new media and relationships

Today's class discussion has been one of my favorites thus far. I really enjoyed spending time discussing topics and issues that I can fully relate to in my everyday style of life – therefore I want to further discuss some of the things I began thinking about right here on our class blog…

As we discussed the significance of worldwide forms of communication, such as the existence of Facebook, Instant Messenger, and Cellular Text Messaging, I started to think about the affects these technologies have had on myself, and my relating to others. When touching upon the reading, the very significant point that "virtual technology can be so distancing from the real world that we don't make connections in the same way anymore." I thought about the relationship I had with a former boyfriend of mine, and one of the most disturbing, as well as fascinating realizations I had after we broke up: our relationship was based on technology, and the societal development of new media was responsible for the reduction of romance and dating.

The dating/courting stage that should typically consist of talking and getting to know one another's inner qualities in person actually consisted of talking and getting to know one another through nightly Instant Message chats in my circumstance. We saw each other throughout the day at school, and had the ability to talk on the phone, however for some strange reason we chose to talk online – maybe for the sole concept of it being easier, as there exists more time to think before speaking, and the overall lack of pressure involved. (Before I say anymore, I want you all to keep in mind that my ex-boyfriend and I DID spend time together to talk in person, and we did spend time talking on the phone, however a large portion of our relationship somehow ended up developing through technological forms of communication).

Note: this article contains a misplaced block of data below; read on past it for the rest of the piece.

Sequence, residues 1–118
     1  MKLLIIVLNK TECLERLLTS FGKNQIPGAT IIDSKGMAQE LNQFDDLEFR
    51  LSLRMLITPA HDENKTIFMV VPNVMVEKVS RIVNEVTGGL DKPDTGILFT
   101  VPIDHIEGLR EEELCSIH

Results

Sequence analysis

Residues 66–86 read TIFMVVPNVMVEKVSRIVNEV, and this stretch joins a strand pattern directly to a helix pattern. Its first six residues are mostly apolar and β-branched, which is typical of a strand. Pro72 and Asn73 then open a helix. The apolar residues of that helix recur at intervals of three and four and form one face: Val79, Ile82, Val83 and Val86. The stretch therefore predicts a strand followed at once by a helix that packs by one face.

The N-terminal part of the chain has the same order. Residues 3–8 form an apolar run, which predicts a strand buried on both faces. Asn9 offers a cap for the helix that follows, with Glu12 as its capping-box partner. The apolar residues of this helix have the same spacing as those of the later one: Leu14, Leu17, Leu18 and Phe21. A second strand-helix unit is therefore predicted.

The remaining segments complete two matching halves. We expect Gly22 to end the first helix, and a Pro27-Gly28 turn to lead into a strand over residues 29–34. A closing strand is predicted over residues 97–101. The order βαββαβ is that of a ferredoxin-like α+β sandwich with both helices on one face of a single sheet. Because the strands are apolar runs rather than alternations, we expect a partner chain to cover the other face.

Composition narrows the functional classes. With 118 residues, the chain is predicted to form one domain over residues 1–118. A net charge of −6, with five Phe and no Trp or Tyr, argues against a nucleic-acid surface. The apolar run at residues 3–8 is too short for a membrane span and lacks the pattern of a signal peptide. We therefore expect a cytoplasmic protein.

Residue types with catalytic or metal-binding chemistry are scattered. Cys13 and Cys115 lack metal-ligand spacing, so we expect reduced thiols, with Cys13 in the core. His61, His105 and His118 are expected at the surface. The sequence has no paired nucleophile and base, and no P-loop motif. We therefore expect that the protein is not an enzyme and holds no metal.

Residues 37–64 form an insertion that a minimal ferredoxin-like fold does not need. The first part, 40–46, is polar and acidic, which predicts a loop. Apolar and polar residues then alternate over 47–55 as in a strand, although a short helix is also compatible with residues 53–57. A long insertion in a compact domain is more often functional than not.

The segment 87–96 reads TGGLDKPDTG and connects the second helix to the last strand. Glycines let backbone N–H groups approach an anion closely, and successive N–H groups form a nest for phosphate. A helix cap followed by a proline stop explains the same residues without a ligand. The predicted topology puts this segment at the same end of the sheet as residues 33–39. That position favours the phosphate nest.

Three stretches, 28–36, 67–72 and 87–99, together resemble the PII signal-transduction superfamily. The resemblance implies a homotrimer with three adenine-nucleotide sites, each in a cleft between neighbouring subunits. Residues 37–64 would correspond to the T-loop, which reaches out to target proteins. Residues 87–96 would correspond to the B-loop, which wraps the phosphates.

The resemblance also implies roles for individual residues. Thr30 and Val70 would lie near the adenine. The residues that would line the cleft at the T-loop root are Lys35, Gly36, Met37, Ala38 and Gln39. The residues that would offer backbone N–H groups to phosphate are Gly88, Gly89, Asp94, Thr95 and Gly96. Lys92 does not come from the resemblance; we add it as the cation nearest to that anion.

Anyway, as our relationship grew, I noticed that we would spend countless hours text messaging one another, rather than speaking on the phone – and most of all, I noticed that a large portion of our arguments took place through angry IM's, ending with apology messages on MySpace. Rarely did we work things out on the phone or in person, as once again, why would we want to encounter the uncomfortable vibes existing in "face to face" or "phone to phone" arguments that people knew no other way around in previous times?

I guess the most fascinating aspect of all was when I realized I had the ability to access a majority of our relationship's development by simply using my I Chat's version of "Dead AIM." For those of you who have not heard of this, Dead AIM is a program that can be downloaded in order to have each and every Instant Message conversation saved to your computer. I know, it sounds creepy, however it can be quite useful to refer to at times. My I Chat program on my Mac computer has a version of this that automatically saves my conversations, therefore I can always look back on any fight, any conversation, any form of my relationship's development with my Ex because we spent so much time IM-ing one another. Now how many people can walk away from a relationship and have the entire progression right there on the computer to look back on? This definitely was not possible awhile back…However, on the other hand, it is a bit upsetting to recognize the decrease in all forms of interacting due to modern technologies – such as arguing and having deep discussions in the presence of a boyfriend, girlfriend, or simply just a friend.